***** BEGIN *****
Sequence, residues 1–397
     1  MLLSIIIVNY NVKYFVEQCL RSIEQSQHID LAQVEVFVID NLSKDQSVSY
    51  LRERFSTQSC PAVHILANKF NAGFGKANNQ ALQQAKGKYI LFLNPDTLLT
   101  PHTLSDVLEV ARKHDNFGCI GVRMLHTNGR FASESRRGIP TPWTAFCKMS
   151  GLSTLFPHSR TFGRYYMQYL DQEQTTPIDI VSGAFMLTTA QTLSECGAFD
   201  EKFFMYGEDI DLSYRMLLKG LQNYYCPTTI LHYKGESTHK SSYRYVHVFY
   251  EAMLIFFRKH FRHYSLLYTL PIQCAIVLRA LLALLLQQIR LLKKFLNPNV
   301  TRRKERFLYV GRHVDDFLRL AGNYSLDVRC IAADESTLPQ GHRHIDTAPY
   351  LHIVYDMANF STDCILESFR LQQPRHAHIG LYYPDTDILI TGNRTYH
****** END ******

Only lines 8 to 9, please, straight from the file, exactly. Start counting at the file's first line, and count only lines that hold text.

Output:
   301  TRRKERFLYV GRHVDDFLRL AGNYSLDVRC IAADESTLPQ GHRHIDTAPY
   351  LHIVYDMANF STDCILESFR LQQPRHAHIG LYYPDTDILI TGNRTYH